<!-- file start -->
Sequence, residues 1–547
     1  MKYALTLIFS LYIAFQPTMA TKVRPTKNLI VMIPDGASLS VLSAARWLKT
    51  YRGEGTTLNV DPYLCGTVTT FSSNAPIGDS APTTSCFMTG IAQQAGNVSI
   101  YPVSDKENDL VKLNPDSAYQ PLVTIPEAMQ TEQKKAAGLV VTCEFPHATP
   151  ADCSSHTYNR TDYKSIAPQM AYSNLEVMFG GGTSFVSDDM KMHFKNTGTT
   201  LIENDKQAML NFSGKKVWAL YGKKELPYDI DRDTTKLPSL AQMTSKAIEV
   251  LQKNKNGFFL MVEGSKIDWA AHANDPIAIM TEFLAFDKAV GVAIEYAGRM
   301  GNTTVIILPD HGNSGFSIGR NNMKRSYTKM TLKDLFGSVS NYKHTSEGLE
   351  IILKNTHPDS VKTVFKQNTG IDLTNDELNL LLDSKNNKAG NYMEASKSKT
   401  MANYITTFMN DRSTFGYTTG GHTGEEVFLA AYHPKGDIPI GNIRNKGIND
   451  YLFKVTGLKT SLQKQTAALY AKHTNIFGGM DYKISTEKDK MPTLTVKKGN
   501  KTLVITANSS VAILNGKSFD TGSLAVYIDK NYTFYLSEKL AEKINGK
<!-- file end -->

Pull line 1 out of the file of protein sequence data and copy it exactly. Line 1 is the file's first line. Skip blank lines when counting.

Sequence, residues 1–547